- A knowledge-based integrated aircraft conceptual design framework
- Abstract: The conceptual design is the early stage of aircraft design process where results are needed fast, both analytically and visually so that the design can be analyzed and eventually improved in the initial phases. Although there is no necessity for a CAD model from the very beginning of the design process, it can be an added advantage to have the model to get the impression and appearance. Furthermore, this means that a seamless transition into preliminary design is achieved since the CAD model can guardedly be made more detailed. For this purpose, knowledge-based aircraft conceptual design applications Tango (Matlab) and RAPID (CATIA) are being developed at Linköping University. Based on a parametric data definition in XML, this approach allows for a full 3D CAD integration. The one-database approach, also explored by many research organizations, enables the flexible and efficient integration of the different multidisciplinary processes during the whole conceptual design phase. This paper describes the knowledge-based design automated methodology of RAPID, data processing between RAPID and Tango and its application in the courses “Aircraft conceptual design” and “Aircraft project course” at Linköping University. A multifaceted user interface is developed to assist the whole design process.
- nxControl instead of pitch-and-power
- Abstract: A command
system for manual control of the longitudinal load factor in flight path direction of an aircraft is designed that completes existing flight control command systems (e.g. with sidesticks that command normal load factor). The system is called nxControl. It aims to assist pilots during manual flight by reducing the workload for monitoring flight parameters as well as for controlling thrust and airbrakes. Important for the nxControl concept is the direct flight mechanical relation between longitudinal load factor and changes of the total aircraft energy. This paper presents the system concept and a prototype realization. The nxControl system consists of the control law that combines the actuation commands for engines and airbrakes, a new input device for the longitudinal load factor command and augmented display elements informing pilots about aircraft energy states to assure situation awareness. In order to investigate the feasibility of the concept as well as to evaluate consequences on human performance, a flight simulator study with airline pilots was conducted.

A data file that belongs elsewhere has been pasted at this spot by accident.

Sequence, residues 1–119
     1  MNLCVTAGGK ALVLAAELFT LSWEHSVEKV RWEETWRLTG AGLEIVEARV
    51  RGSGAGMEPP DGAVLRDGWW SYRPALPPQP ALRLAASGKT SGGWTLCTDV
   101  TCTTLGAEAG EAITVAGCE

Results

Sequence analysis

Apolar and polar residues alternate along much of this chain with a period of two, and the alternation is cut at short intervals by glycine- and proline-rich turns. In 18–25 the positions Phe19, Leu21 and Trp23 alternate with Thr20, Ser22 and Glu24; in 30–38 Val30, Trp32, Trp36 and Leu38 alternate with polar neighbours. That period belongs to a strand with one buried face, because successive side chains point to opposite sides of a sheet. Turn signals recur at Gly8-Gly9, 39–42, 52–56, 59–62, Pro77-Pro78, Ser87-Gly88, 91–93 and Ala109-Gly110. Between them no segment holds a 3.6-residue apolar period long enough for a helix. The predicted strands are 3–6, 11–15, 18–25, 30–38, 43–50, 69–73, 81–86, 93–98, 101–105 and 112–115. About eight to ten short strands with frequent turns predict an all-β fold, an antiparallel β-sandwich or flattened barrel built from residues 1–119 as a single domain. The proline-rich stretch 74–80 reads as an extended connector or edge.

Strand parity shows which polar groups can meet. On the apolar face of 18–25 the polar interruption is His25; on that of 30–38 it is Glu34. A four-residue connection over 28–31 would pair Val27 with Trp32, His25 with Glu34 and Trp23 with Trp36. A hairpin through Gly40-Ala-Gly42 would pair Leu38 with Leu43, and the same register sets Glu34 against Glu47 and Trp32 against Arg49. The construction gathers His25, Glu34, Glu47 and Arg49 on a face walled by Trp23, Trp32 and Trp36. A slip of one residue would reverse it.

The nxControl prototype was used by the pilots as expected. Changes in instrument scanning behaviour and thrust lever usage confirmed this. After just a short familiarization and practice, the pilots were able to perform standard flight tasks with nxControl without exceeding given tolerance limits. So, the results provide first evidence for the feasibility of the concept.
- About the interaction between composition and performance of alternative
- Abstract: Since the last decade, the aviation sector is looking for alternatives to kerosene derived from crude oil triggered also by commitments and policy packages, such as the ‘Flightpath 2050’ initiative and the comprehensive alternative fuels strategy, both released by the European Commission. An aircraft need with regard to a fuel is very strict, with severe constraints to ensure a safe and reliable operation for the whole flight envelope. When synthesizing a jet fuel from scratch, two important aspects need to be addressed: First, the safety aspect—the new fuel candidate must be certified, qualifying through several well-defined cost and time expensive tests, according to the approval protocol; secondly, the environmental aspect. Alternative aviation fuels alike Jet A-1 are composed of hydrocarbons; however, the amount and type of hydrocarbons (chemical family) differ considerably. The question is how the composition of the fuel will affect its suitability and performance: (i) thermo-physical and thermo-chemical properties of the new components to exclude any shortcomings with respect to performance and safety issues, and (ii) the new fuel combustion characteristics, i.e., ignition, flame speed, and emission pattern (pollutants), in particular. These issues are addressed in the present study. Thus, the road will be paved for developing a generalize science-based tool to investigate in an efficient way if a new fuel candidate may meet the fuel specifications.